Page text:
Friday, April 29, 2011

PA Marcellus Shale (Gov. Corbett) Gas Fee vs Severance Tax

We lean with Governor Tom Corbett in considering a fee on the Oil and Gas industry/drillers vs a new gas severance tax. We don't think the latter would pass Constitutional review, and years and years would go by before anything is determined from litigation.

Gas fee proposed by state to benefit locals

By Brad Bumsted and Andrew Conte
Friday, April 29, 2011

In the meantime, drillers are willing - it appears - to the imposition of a fee to be imposed and its proceeds to be kept at the local level.

That makes far more sense than having any revenues from the tax go first to the state (in part to cover the state budget deficits created by past Administration) then some to the localities where the drilling occurs.

We urge as well that the Governor review the potential any of the gas itself go to China, rather than wholly being distributed across Pennsylvania, and held in reserve for future generations of Pennsylvanians.

No gas to China and energy independence should be the slogans for a renewed Pennsylvania.

Net the Truth Online

Gas fee proposed by state to benefit locals
By Brad Bumsted and Andrew Conte
Friday, April 29, 2011 Last updated: 7:14 am

HARRISBURG -- A much-anticipated proposal by the Senate's top Republican to levy a fee on Marcellus shale gas drilling touched off debate on Thursday among supporters and opponents over the industry assessment and who would get the money.

Senate President Pro Tempore Joe Scarnati, R-Jefferson County, said his bill -- to be introduced in a week or so -- gives 60 percent of the collected fees to counties and municipalities with deep wells, as well as townships and boroughs that neighbor drilling production sites. The bill splits the other 40 percent between conservation districts statewide and environmental funds for cleanup and infrastructure, although he said that's up for negotiation.

The fee would be retroactive for 2010 and would raise $45 million for last year. It would bring in $76 million this year and would rise to at least $150 million by 2014, Scarnati said.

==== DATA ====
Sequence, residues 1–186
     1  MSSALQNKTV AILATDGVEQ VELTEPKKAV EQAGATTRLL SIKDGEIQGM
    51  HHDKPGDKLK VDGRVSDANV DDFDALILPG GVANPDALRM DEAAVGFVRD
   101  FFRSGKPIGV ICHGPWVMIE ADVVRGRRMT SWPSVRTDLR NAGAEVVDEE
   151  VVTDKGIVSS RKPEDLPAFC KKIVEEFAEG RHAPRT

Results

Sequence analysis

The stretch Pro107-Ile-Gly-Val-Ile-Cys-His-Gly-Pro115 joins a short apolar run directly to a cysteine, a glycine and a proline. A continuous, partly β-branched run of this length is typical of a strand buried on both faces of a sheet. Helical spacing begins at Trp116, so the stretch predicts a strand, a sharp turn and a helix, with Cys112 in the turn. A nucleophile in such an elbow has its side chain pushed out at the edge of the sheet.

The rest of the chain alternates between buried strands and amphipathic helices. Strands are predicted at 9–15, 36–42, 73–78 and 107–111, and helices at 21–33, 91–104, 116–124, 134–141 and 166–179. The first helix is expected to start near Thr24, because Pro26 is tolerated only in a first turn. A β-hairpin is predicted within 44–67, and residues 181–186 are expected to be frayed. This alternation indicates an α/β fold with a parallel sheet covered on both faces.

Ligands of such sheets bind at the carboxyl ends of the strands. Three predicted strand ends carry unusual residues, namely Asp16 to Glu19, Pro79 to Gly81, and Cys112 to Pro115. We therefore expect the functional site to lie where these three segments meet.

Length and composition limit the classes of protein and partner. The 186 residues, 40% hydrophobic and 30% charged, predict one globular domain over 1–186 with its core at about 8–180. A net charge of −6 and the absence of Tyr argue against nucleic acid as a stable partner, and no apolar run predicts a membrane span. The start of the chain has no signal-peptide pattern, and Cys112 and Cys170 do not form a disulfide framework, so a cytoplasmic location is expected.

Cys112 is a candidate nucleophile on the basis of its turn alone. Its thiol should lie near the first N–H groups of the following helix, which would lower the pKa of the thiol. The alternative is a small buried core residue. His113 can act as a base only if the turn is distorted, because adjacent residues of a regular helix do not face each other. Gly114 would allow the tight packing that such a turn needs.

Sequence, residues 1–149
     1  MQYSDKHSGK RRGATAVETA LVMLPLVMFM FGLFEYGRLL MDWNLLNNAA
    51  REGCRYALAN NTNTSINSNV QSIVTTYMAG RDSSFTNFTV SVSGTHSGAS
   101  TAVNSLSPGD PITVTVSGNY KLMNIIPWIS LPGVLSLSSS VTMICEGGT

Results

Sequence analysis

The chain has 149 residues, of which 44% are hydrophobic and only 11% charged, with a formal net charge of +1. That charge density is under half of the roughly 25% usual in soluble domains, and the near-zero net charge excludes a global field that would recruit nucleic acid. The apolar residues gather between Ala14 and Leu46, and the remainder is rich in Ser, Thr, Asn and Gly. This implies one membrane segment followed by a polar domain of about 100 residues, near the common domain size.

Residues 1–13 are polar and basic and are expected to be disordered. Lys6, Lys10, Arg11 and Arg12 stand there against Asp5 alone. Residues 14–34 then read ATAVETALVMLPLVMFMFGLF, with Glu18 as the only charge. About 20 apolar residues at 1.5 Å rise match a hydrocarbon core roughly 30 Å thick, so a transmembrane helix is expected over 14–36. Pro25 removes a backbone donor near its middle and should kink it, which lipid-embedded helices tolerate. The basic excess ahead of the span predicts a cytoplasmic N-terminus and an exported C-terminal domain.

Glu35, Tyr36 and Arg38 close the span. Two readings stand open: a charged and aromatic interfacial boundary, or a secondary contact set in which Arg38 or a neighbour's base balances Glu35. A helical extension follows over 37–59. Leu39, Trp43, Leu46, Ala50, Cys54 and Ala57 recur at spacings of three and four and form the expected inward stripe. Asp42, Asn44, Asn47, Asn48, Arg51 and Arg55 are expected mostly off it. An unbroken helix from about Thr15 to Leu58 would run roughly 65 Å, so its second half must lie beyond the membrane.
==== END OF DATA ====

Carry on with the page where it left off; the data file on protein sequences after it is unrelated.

"I have to believe this is in the sweet spot of where I believe most legislators will be," Scarnati said.

The senator said it was an attempt to meet the parameters of fellow Republican Gov. Tom Corbett, who opposes a severance tax but has said he would consider such an impact fee if the revenue remains in local hands and does not go into the state general fund.

"It's the beginning of a discussion," said Kevin Harley, Corbett's press secretary.

Governments would use the fee to help cover damage to roads and bridges, for maintenance and improvement costs for water and sewage systems, and for emergency responder costs, Scarnati said.

Scarnati said it is a fee and not a tax because the money does not go to the state general fund.

"What's the difference between a fee and tax? Gov. Corbett's pen," Scarnati said. "That will be the ultimate test."

The Pennsylvania Independent Oil and Gas Association, which has opposed a severance tax in the past, issued a statement saying its members are open to discussing an impact fee that raises money to offset problems caused by the industry.

Drillers are open to an impact fee that provides money for local communities as long as it's "clear, straightforward and competitive," Kathryn Klaber, president of the Cecil-based Marcellus Shale Coalition trade group, said in a statement.

"Our industry understands that while there are tremendous financial opportunities in Marcellus shale development, there also can be impacts felt by our host communities," Klaber said.

Read more: Gas fee proposed by state to benefit locals - Pittsburgh Tribune-Review

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